by Damien Wilkins
Simon Ogden makes uplifting artworks out of old lino. Of course there’s a bad joke hovering near that sentence; he also makes artworks out of uplifting old lino. And maybe that humour is not as deadly as it looks, or at least not totally out of place. There is something comic operating in Ogden’s pictures—his flora and fauna are funny as well as lovely.
But first we need to step close and see that they are surprisingly rough.
His pictures readily break down into their constituent parts—you can see the cuts, the shapes, the way he jigsaws the pieces into place. There’s nothing invisible in the technique. The feel of the blade is part of the effect, as is the sense of history, and not only the design history either—lino’s different looks—sometimes the stuff he uses has crumbled, exposing the weave of string, and we start to imagine the feet that have walked and rested on these bits of floor.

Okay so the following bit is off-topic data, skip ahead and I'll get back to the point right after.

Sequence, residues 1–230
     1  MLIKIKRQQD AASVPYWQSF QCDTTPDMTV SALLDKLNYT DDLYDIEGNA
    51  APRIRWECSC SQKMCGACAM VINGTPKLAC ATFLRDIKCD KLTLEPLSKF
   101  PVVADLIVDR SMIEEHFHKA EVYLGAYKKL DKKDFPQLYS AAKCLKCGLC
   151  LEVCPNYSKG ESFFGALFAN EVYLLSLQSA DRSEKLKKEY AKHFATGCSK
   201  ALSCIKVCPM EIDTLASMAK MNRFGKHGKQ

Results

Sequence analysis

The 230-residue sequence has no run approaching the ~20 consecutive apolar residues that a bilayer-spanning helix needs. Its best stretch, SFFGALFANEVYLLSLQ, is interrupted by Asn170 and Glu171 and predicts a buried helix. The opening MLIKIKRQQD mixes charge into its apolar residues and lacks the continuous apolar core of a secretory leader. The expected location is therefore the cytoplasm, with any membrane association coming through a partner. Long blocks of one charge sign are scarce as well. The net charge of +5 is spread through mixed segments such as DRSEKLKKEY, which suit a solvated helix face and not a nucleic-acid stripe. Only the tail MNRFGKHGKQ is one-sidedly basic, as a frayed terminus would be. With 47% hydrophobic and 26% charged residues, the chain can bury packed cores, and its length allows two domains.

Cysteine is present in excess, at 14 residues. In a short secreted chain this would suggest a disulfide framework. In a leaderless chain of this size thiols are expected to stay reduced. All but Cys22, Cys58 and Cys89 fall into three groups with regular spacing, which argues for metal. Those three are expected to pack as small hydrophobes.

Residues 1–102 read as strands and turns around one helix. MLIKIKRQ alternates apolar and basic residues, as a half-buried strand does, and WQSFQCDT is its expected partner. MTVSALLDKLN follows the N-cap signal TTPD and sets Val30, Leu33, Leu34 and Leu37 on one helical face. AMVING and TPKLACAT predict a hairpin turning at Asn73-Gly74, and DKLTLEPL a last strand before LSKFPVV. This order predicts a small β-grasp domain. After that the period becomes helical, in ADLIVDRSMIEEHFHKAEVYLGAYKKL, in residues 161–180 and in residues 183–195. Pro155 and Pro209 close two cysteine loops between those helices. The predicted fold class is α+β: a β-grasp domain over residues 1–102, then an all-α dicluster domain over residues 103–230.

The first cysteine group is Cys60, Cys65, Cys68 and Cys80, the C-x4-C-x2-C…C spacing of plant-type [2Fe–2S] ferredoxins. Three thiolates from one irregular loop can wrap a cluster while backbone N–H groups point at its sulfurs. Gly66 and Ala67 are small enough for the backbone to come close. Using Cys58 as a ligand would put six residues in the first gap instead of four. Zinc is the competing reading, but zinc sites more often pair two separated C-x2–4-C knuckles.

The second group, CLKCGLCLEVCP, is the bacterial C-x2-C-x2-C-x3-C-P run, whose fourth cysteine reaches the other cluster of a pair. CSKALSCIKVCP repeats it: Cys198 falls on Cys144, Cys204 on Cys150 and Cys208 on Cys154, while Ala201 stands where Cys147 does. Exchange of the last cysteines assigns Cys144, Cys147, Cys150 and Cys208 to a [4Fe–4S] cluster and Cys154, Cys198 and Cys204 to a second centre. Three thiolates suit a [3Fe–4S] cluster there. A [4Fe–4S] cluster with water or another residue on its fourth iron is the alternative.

Given the self-evidence of process, the temptation might be to gather these works under the heading ‘craft’ and mark them down accordingly, except that there appears to be little of the artisan’s expertise or patience in this activity. Find your lino, decide on a background, cut out some elemental shapes—bird, tree, star—and arrange. For flowers, you could razor a flower shape, or better still, find a piece of floral lino. With its embrace of the ready-made, this is art you feel you could try at home—art indeed which you might have lying around at home. Pull up your old carpet and there could be a rich source of it, awaiting only a sharp knife. This is the powerful democratic charm of the works: they make us see how art can be made. (The idea that our versions would be as radiant and alluring as Simon Ogden’s is one we hardly hope for; even the most humble art moves us because of its separateness.)